"That, madam, nothing can daunt."
Seats, though only joint stools, were given to the ladies, but Susan
found herself no longer trembling at the effects of the Countess's
insolence upon Cicely, who seemed to accept it all as a matter of
course, and almost of indifference, though replying readily and with a
gentle grace, most unlike her childish petulance.
Many close inquiries from the Earl and Countess were answered by
Richard and the young lady, until they had a tolerably clear idea of
the situation. The Countess wept bitterly, and to Cicely's great
amazement began bemoaning herself that she was not still the poor
lady's keeper. It was a shame to put her where there were no women to
feel for her. Lady Shrewsbury had apparently forgotten that no one had
been so virulent against the Queen as herself.
And when it was impossible to deny that things looked extremely ill,
and that Burghley and Walsingham seemed resolved not to let slip this
opportunity of ridding themselves of the prisoner, my Lady burst out
with, "Ah! there it is! She will die, and my promise is broken, and
she will haunt me to my dying day, all along of that venomous toad and
spiteful viper, Mary Talbot."
A passionate fit of weeping succeeded, mingled with vituperations of
her daughter Mary, far more than of herself, and amid it all, during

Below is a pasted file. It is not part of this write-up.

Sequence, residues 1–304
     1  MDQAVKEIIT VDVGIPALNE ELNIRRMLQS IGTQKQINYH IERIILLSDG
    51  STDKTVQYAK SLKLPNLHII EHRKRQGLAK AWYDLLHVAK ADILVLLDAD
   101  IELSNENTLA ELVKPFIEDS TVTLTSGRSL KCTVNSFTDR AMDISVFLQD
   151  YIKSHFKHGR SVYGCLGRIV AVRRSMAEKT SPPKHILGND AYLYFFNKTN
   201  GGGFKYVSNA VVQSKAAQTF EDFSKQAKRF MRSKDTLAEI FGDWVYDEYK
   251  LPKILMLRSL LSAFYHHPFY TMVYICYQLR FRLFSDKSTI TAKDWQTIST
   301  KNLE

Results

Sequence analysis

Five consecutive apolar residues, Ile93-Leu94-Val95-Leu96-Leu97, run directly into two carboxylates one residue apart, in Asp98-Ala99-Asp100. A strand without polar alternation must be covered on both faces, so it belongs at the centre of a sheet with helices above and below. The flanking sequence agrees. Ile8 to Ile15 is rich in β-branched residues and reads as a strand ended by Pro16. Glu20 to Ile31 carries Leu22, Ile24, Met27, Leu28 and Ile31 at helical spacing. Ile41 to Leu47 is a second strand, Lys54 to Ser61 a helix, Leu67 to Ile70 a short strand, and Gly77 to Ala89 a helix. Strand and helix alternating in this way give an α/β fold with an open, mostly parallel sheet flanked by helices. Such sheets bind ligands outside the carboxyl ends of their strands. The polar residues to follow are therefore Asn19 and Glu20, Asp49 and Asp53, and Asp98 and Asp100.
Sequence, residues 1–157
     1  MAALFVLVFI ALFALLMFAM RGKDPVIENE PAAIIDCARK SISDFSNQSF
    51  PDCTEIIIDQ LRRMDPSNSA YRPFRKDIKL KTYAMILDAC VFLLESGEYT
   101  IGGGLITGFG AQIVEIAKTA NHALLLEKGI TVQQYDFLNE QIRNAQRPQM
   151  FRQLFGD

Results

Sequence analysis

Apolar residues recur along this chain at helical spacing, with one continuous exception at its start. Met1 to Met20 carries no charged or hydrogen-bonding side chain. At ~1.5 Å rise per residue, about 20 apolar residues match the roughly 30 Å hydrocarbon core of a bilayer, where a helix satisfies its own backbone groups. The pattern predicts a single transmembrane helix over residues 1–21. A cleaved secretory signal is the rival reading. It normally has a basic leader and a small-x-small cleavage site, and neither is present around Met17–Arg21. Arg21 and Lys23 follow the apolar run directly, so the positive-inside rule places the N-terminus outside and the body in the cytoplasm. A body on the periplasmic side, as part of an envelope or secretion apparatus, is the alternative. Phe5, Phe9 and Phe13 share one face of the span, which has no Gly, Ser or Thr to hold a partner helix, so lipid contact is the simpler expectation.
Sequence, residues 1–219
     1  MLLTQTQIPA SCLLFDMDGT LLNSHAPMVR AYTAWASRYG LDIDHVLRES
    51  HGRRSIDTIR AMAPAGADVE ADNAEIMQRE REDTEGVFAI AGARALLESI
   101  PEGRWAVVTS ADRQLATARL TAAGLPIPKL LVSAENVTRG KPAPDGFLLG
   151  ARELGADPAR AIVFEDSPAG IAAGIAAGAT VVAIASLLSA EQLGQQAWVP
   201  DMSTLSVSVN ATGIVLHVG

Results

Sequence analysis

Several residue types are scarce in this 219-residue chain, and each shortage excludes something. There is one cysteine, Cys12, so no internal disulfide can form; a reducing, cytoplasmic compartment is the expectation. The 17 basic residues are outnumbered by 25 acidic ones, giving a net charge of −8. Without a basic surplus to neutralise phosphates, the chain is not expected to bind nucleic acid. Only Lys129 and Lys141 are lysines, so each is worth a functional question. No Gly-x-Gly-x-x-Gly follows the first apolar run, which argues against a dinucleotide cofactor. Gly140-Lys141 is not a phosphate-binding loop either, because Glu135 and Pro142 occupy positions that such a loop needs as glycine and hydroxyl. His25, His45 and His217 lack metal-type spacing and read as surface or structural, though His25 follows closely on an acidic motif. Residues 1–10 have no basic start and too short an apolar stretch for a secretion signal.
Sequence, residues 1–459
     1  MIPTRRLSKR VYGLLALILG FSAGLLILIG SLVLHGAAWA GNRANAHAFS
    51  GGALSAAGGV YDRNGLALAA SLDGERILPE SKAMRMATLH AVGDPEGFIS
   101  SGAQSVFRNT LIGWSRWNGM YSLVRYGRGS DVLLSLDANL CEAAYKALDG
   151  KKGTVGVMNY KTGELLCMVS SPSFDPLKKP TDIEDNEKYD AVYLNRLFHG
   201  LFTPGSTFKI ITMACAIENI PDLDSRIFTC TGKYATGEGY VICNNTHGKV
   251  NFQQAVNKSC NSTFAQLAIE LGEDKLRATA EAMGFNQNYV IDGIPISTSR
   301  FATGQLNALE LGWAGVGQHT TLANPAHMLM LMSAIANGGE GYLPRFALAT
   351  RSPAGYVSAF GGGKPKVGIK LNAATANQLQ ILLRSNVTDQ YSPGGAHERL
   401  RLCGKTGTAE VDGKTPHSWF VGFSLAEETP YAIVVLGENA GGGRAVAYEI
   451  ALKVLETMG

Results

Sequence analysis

Susan's endeavours at soothing, Cicely gathered that the cause of the
Countess's despair was that in the time of her friendship and amity,
she had uttered an assurance that the Queen need not fear death, as she
would contrive means of safety. And on her own ground, in her own
Castle or Lodge, there could be little doubt that she would have been
able to have done so. The Earl, indeed, shook his head, but repented,
for she laughed at him half angrily, half hysterically, for thinking he
could have prevented anything that she was set upon.
And now she said and fully believed that the misunderstanding which had
resulted in the removal of the prisoner had been entirely due to the
slanders and deceits of her own daughter Mary, and her husband Gilbert,
with whom she was at this time on the worst of terms. And thus she
laid on them the blame of the Queen's death (if that was really
decreed), but though she outwardly blamed every creature save herself,
such agony of mind, and even terror, proved that in very truth there
must have been the conviction at the bottom of her heart that it was
her own fault.
The Earl had beckoned away Master Richard, both glad to escape; but
Cicely had to remain, and filled with compassion for one whom she had
always regarded previously as an enemy, she could not help saying,
"Dear madam, take comfort; I am going to bear a petition to the Queen's
Majesty from the captive lady, and if she will hear me all will yet be
"How! What? How! Thou little moppet! Knows she what she says, Susan
Susan made answer that she had had time to hear no particulars yet, but
that Cicely averred that she was going with her father's consent,
whereupon Richard was immediately summoned back to explain.
The Earl and Countess could hardly believe that he should have
consented that his daughter should be thus employed, and he had to
excuse himself with what he could not help feeling were only half